Why There Is “the Hard Problem of Consciousness”?

Authors

  • Dmytro Sepetyi Zaporizhzhya State Medical University

Abstract

The most prominent aspect of the contemporary Philosophy of Mind is the hot discussion between adherents of materialist directions, who think that modern scientific knowledge gives persuasive evidence that the mind is identical with or constituted by some physical structures and processes in the brain, and opponents of materialism, who point out the existence of an explanatory gap from the physical to the phenomenal (subjective) or “the hard problem” of consciousness, that is, of explaining the existence of subjective experiences.
In this paper, the author expounds the meaning of the concepts of the explanatory gap and the hard problem, and argues for their reality and ontological significance. To explain the existence of the hard problem of consciousness, the author highlights the principal difference between the task of physical reduction of the phenomenal mind, and all other cases of successful physical reduction. He concludes that the explanation of the subjective (phenomenal, experience, consciousness) on the basis of something that has no subjective experiences and awareness, that is, the reduction of the mental (subjective) to nonmental (nonsubjective) is impossible in principle. The alternative to such an explanation (reduction) is bridging the physical-to-mental explanatory gap with special psychophysical laws of nature, which would mean that materialism is false and some variety of mindbody dualism is true.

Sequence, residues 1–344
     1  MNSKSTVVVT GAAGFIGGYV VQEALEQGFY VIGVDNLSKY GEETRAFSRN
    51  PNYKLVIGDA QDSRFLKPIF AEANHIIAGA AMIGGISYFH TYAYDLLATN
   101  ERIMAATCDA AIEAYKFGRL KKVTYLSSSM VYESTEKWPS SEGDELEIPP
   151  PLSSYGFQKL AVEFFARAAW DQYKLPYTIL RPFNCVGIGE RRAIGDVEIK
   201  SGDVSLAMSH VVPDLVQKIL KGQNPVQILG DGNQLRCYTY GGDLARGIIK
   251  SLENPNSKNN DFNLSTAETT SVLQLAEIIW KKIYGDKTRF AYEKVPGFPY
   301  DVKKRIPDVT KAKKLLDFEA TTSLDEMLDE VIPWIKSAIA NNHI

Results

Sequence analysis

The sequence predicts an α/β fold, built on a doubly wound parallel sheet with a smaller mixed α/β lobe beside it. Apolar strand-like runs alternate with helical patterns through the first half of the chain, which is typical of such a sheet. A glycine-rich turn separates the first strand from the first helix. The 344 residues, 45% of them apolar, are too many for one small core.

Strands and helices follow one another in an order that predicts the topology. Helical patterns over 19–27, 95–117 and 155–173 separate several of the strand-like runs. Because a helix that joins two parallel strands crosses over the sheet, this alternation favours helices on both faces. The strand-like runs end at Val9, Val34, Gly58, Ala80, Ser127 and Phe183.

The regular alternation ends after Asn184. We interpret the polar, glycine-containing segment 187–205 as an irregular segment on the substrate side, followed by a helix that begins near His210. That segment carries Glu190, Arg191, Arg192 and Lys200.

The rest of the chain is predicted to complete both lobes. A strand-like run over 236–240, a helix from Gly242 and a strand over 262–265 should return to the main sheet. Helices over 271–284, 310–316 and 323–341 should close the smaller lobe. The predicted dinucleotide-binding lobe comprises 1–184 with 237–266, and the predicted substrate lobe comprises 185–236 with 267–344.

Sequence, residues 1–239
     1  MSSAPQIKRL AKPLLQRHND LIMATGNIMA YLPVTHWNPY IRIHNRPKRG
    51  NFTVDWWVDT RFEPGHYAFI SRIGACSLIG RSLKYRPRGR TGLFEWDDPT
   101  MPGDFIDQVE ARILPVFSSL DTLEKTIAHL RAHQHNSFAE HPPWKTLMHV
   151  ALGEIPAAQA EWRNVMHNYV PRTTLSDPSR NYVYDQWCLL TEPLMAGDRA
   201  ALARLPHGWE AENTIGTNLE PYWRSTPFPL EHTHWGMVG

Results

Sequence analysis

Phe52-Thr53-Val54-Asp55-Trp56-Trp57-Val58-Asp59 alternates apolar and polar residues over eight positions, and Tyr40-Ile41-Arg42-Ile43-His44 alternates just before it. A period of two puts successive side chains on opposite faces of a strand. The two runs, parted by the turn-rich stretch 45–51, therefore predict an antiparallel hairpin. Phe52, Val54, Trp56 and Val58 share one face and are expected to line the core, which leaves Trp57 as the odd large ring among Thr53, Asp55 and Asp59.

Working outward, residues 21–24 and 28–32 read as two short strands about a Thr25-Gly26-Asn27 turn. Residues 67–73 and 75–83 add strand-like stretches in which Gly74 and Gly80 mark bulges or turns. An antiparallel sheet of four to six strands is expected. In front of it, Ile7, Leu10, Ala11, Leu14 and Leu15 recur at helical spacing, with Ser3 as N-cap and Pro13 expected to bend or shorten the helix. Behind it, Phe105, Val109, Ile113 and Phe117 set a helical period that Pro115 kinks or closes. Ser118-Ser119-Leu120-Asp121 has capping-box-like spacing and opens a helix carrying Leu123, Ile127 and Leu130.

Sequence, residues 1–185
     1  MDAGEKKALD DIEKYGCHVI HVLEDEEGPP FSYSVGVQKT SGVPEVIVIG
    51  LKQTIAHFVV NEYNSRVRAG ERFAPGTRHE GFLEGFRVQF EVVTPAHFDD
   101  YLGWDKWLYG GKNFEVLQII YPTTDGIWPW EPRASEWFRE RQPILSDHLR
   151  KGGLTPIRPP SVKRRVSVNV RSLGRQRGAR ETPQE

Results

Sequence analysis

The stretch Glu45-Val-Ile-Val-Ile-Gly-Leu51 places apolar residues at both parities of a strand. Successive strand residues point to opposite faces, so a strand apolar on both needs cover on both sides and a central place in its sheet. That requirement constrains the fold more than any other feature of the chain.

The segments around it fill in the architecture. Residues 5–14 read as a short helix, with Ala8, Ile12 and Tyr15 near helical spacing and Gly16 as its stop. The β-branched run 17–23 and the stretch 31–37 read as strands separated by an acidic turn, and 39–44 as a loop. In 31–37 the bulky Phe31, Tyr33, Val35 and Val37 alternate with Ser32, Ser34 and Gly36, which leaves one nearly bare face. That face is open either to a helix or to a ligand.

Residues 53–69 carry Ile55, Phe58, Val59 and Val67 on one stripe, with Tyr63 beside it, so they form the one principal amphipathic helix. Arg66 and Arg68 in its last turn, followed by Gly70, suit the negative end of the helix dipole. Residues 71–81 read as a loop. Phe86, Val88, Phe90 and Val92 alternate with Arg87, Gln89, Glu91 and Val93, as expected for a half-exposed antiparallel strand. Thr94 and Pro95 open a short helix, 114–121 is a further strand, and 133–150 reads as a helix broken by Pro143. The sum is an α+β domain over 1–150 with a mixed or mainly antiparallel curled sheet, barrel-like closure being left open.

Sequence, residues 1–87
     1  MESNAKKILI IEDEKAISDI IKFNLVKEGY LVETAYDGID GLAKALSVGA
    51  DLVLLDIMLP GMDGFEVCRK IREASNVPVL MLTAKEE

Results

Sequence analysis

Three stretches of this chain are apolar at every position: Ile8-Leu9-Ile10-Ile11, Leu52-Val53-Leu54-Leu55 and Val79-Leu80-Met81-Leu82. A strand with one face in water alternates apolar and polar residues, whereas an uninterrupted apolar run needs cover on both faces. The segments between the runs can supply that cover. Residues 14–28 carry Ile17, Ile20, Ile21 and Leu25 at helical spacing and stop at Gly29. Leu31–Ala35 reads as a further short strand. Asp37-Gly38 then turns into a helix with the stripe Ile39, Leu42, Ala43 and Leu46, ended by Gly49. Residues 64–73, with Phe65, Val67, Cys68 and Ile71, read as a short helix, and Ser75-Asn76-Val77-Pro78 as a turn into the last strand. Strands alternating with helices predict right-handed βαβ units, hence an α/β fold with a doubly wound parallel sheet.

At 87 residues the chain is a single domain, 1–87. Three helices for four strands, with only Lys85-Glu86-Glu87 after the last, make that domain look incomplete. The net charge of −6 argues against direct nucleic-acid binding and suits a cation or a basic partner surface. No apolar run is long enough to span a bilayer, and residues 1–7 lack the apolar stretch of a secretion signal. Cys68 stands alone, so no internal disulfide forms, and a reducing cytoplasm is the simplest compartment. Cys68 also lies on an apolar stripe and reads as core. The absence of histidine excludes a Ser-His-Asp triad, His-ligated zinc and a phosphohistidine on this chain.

Author Biography

Dmytro Sepetyi, Zaporizhzhya State Medical University

PhD in philosophical sciences, associate professor of the department of social disciplines

References

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Published

2017-04-04

How to Cite

Sepetyi, D. (2017). Why There Is “the Hard Problem of Consciousness”?. Filosofska Dumka, (2), 30–38. Retrieved from https://dumka.philosophy.ua/index.php/fd/article/view/9

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